In a 2019 bond election, voters approved almost $250 million to finance the rising cost of the project. 

A tax reinvestment district was also established in 2003 to help fund infrastructural and developmental needs of the area. In 2009, the district created to fund redevelopment along the Trinity River was expanded through 2044.

So far, TRWD has spent about $64 million in land acquisition, $54 million in relocation efforts and $7 million in demolishing structures in the area, according to a Panther Island report.

Granger said projects with big scopes like Panther Island could take multiple decades to complete.

“For people who like to have instant gratification, they’d be very frustrated working with us. It just doesn’t work that way,” Granger said. “It’s just the nature of the beast.”

More money remains to be spent

The water district is yet to acquire 19 parcels of land where the bypass channel is to flow. Three more relocations are left, and eight environmental sites need cleaning.

Plans for Panther Island started in the early 2000s. Since its formal inception in 2006, the project has received only 19% of its federal funding, with the last of it – $6 million – coming in 2017.

The Panther Island project is projected to finish by 2028, if federal funding arrives. That remains a big if, but Encore Enterprises, the owner of Encore Panther Island, is not as concerned about whether the project gets built as planned or not.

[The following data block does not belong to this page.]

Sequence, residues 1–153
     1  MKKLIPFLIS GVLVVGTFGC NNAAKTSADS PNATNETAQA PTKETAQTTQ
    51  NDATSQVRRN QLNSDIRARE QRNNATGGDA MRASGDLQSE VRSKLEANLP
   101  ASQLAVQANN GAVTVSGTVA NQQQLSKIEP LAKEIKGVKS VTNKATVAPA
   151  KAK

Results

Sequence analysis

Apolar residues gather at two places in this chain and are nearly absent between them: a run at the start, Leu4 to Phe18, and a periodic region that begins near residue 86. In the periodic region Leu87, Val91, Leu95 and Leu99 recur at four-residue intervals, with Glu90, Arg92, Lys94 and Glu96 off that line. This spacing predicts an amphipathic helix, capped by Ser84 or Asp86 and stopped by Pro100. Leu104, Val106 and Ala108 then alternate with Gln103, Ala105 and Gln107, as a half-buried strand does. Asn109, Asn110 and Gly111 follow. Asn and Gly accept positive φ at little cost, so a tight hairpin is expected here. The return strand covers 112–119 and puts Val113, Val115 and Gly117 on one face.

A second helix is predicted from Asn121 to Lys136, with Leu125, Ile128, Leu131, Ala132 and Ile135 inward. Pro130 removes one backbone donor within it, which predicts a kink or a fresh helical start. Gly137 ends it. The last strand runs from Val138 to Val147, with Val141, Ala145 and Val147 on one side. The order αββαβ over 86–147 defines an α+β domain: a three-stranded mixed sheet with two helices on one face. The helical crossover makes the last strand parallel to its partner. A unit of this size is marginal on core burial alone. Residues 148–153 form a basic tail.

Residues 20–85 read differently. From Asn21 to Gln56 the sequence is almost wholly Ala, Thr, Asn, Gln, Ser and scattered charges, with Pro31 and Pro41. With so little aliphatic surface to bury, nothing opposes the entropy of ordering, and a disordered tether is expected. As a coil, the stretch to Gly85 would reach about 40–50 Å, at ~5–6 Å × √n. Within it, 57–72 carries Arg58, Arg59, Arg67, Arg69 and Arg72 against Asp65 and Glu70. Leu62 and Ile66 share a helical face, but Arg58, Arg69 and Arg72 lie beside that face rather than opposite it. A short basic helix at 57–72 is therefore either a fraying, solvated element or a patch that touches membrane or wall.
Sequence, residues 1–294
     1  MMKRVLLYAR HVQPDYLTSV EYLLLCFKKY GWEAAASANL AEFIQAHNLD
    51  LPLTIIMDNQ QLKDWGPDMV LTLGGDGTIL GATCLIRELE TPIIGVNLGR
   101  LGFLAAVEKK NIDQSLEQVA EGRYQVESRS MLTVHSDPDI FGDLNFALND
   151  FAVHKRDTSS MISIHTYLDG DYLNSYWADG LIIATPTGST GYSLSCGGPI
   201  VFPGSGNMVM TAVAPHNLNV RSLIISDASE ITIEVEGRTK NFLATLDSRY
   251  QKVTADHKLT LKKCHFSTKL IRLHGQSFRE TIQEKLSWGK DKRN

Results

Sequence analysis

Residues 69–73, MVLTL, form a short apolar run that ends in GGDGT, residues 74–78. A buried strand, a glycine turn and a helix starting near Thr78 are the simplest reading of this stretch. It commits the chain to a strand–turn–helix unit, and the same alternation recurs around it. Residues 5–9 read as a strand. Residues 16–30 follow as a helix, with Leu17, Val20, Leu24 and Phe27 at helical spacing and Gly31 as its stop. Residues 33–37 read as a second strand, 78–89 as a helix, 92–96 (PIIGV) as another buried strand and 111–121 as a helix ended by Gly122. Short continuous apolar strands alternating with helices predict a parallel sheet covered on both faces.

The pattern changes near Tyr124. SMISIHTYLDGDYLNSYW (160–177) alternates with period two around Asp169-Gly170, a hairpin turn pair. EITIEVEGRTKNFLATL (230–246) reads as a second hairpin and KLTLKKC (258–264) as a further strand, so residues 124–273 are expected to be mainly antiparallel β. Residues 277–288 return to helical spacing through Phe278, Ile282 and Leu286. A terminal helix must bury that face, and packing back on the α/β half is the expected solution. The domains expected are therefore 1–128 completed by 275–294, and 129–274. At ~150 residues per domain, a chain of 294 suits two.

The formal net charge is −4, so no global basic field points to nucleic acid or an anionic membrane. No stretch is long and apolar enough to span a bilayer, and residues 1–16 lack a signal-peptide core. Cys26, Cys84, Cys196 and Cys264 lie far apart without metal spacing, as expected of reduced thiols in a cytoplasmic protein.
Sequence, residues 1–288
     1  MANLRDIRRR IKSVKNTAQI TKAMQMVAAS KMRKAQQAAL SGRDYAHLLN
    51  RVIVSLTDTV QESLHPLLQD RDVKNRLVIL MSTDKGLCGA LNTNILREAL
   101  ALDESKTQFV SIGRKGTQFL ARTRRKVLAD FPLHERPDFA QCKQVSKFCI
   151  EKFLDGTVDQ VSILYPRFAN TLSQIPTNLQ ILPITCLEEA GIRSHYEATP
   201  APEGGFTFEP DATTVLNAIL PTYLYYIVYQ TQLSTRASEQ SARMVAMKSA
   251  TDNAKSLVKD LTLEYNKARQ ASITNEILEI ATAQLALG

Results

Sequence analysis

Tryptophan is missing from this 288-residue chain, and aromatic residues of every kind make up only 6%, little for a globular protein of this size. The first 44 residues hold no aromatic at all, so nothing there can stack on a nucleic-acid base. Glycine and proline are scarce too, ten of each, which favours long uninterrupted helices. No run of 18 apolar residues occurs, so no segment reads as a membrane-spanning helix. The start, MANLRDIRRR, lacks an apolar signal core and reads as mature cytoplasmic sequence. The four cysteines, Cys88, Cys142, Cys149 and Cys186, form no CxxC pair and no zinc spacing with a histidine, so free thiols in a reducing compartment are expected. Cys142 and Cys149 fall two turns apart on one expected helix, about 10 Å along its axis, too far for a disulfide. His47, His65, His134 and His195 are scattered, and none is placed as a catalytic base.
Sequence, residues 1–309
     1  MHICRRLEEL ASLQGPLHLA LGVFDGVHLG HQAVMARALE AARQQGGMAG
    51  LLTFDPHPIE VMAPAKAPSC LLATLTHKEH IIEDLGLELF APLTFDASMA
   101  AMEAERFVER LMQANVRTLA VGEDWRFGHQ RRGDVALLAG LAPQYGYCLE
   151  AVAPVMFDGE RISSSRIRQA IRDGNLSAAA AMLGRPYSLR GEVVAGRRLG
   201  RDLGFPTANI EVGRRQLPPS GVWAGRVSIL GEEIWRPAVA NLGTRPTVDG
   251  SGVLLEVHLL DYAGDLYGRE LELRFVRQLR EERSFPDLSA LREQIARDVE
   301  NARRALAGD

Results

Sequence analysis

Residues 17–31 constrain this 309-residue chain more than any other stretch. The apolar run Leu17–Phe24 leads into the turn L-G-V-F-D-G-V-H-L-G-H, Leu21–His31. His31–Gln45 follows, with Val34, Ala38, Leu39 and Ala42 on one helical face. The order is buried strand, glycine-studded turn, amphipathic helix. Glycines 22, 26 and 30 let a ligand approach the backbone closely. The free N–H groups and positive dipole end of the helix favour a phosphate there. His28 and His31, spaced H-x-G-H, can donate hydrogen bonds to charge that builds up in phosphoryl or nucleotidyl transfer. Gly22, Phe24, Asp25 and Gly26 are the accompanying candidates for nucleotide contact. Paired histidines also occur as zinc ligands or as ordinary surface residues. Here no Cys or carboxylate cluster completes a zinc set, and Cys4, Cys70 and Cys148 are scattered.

“Encore Panther Island will prevail regardless of the timing for completion of the overall Panther Island project,” said Charlie Keels, president of multifamily for Encore. 

The residential development is commencing pre-leasing activities within the next two weeks. A clubhouse and waterfront recreational center will be ready in its first phase of opening.

“The location of our multi-family community in proximity to Downtown and recreational amenities at Panther Island are a real positive and one that will only improve as redevelopment efforts continue within the Panther Island Master Plan,” Keels said.

While large swaths of land in the area currently remain vacant, there are existing businesses that have thrived even though the appealing river-front entertainment district hasn’t surfaced yet.

Panther Island Brewing opened in 2014 and Coyote Drive-In Theater in 2011. The corporate office of Fort Worth’s favorite Chef Tim Love is also around the corner. There are also plans to revitalize the historic LaGrave Field, which the water district owns.

Developers are looking to offer more restaurants, bars and hotels in the area, Oliver said.

“People would want to come see this,” Oliver said. “There’b be [a time] where you’re choosing between I’m driving either to West Seventh, or going down here. Going there or on there. I mean, it’s the idea of what we want to see come out of the ground first. That product development is people living in that area and creating the environment.”

Neetish is an enterprise journalist for the Fort Worth Report. Contact him at or via Twitter

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Neetish Basnet

Neetish Basnet

Neetish Basnet is an enterprise reporter for the Fort Worth Report. He has previously worked as a business reporter at Fort Worth Business Press and Dallas Business Journal. He graduated from University...